Finns in general have, however, cut back on smoking and improved their diet over a long-term period, according to the report published by National Institute for Welfare and Health (THL). On the other hand, consumption of alcoholic beverages has increased and being overweight has become more commonplace.
Last year’s survey reveals that one-third (32%) of respondents made a serious effort to lose weight. Around the same number of people (35%) said they were eating more fresh vegetables.
Of those surveyed, 60 percent of men and 44 percent of women were overweight with a body mass index (BMI) in excess of 25.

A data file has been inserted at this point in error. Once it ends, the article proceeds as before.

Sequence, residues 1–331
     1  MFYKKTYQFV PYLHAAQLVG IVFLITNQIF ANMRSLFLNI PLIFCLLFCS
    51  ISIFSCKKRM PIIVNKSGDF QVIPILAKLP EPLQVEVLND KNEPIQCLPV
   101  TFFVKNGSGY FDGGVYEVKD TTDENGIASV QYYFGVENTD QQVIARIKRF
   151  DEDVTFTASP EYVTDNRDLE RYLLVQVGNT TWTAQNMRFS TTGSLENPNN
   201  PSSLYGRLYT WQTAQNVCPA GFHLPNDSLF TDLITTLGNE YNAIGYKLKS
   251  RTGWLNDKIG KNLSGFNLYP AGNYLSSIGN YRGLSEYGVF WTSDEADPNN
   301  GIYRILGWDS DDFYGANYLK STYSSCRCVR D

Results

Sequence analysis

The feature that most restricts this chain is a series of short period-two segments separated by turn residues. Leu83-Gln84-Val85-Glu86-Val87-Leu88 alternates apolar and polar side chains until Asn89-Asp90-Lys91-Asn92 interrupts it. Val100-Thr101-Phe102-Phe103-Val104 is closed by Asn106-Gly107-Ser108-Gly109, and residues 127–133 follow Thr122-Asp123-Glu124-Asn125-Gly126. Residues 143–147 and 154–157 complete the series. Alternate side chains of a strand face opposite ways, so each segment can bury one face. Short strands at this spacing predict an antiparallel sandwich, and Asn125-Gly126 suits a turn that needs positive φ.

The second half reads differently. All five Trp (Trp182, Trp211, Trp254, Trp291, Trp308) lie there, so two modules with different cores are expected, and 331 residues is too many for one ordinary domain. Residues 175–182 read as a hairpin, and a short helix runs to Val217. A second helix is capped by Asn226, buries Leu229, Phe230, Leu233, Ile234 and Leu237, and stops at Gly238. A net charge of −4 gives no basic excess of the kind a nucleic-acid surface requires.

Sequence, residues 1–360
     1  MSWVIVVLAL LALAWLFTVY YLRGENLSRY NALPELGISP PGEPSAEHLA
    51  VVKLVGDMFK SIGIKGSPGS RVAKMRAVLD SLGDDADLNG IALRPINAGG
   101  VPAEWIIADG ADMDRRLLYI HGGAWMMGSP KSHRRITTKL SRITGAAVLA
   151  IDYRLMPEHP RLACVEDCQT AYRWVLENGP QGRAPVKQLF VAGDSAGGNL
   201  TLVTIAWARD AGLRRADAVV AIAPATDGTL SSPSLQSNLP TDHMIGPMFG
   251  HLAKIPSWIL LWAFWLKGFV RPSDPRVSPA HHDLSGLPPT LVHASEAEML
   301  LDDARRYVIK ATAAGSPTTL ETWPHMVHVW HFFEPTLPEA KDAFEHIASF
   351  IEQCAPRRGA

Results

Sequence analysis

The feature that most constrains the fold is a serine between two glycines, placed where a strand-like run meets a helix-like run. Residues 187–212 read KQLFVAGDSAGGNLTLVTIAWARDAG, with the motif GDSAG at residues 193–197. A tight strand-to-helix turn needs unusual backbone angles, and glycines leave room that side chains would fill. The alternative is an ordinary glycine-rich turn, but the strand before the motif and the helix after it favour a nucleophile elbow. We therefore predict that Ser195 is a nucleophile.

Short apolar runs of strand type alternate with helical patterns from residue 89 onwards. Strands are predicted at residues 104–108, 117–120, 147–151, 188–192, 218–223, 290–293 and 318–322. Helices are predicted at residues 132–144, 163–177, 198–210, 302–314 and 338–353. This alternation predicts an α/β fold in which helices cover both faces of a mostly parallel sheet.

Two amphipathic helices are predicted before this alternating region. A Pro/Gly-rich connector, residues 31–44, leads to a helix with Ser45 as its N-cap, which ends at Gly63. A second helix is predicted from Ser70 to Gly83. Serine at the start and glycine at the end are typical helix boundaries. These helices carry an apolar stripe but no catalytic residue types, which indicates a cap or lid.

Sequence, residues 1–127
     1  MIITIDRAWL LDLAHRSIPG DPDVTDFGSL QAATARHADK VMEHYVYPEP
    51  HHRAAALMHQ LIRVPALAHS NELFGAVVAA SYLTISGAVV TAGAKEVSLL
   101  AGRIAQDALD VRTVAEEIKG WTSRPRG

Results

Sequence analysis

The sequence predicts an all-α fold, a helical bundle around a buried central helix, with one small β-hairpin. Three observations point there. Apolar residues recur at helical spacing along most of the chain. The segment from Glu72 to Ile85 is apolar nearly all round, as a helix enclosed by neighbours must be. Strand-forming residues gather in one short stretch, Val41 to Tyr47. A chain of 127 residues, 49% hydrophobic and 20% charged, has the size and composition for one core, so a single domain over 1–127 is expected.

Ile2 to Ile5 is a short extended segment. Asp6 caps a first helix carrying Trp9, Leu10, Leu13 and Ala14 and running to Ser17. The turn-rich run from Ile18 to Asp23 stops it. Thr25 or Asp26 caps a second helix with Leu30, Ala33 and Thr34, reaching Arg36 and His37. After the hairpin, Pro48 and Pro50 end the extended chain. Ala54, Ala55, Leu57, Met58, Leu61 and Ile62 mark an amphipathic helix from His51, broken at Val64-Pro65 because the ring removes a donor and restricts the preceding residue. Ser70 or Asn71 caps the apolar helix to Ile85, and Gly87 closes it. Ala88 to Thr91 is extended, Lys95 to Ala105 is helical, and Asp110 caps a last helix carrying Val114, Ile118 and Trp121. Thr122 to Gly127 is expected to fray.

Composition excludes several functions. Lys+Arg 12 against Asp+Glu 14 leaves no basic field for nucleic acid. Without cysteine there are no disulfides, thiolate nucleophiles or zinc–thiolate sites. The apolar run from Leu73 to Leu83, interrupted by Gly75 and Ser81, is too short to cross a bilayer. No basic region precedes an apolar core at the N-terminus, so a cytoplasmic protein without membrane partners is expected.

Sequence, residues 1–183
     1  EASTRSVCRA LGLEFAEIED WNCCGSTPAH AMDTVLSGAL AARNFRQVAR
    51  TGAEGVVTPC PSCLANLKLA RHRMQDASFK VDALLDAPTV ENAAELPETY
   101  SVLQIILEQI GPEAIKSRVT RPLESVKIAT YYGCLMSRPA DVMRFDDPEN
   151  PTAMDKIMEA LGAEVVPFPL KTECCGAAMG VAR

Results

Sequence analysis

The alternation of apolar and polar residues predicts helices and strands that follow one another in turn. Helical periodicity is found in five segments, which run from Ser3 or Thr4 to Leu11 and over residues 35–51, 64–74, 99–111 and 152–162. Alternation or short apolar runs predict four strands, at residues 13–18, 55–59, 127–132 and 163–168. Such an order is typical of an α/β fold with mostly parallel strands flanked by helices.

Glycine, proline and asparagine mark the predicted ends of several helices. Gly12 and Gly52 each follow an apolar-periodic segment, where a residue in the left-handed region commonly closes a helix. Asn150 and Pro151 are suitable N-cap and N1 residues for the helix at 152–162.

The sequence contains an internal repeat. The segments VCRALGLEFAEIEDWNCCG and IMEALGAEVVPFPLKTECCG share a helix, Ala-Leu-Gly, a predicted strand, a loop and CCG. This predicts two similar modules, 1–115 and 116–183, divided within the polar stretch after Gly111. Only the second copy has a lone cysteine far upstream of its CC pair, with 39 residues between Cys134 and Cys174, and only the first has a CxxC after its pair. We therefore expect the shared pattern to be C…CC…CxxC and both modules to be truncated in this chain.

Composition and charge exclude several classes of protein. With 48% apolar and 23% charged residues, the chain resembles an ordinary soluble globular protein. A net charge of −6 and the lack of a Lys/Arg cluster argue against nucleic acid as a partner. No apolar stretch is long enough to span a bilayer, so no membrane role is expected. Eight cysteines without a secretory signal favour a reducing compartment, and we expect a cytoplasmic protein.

Alcohol consumption was up slightly compared to the previous year. Some 41 percent of men said they drank at least eight units alcohol per week while 28 percent consumed at least five servings weekly.
The survey showed differences in lifestyle between various social groups. Smoking was prevalent among those with fewer years of formal education. Dietary habits have improved across all social strata, but those with a higher education tended to eat in accordance with nutritional recommendations.
The THL has surveyed adult lifestyle trends annually since 1978 by means of a postal survey. Last year 2,787 Finns participated in the study.
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